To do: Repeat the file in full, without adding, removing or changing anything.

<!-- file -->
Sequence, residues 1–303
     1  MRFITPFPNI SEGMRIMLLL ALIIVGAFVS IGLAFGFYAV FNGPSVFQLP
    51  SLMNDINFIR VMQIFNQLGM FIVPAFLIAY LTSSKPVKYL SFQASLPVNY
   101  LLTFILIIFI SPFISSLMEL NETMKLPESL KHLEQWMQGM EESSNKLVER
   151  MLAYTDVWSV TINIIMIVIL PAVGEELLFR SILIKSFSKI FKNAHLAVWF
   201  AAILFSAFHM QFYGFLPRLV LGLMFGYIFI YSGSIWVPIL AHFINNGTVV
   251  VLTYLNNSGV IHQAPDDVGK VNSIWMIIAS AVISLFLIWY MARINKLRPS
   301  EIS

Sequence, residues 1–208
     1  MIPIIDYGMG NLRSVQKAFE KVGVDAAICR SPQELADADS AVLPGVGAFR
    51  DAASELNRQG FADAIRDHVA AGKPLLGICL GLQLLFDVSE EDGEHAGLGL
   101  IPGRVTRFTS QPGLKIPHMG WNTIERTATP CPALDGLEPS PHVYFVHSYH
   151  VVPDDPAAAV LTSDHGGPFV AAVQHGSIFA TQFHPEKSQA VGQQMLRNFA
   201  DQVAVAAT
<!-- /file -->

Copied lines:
Sequence, residues 1–303
     1  MRFITPFPNI SEGMRIMLLL ALIIVGAFVS IGLAFGFYAV FNGPSVFQLP
    51  SLMNDINFIR VMQIFNQLGM FIVPAFLIAY LTSSKPVKYL SFQASLPVNY
   101  LLTFILIIFI SPFISSLMEL NETMKLPESL KHLEQWMQGM EESSNKLVER
   151  MLAYTDVWSV TINIIMIVIL PAVGEELLFR SILIKSFSKI FKNAHLAVWF
   201  AAILFSAFHM QFYGFLPRLV LGLMFGYIFI YSGSIWVPIL AHFINNGTVV
   251  VLTYLNNSGV IHQAPDDVGK VNSIWMIIAS AVISLFLIWY MARINKLRPS
   301  EIS

Sequence, residues 1–208
     1  MIPIIDYGMG NLRSVQKAFE KVGVDAAICR SPQELADADS AVLPGVGAFR
    51  DAASELNRQG FADAIRDHVA AGKPLLGICL GLQLLFDVSE EDGEHAGLGL
   101  IPGRVTRFTS QPGLKIPHMG WNTIERTATP CPALDGLEPS PHVYFVHSYH
   151  VVPDDPAAAV LTSDHGGPFV AAVQHGSIFA TQFHPEKSQA VGQQMLRNFA
   201  DQVAVAAT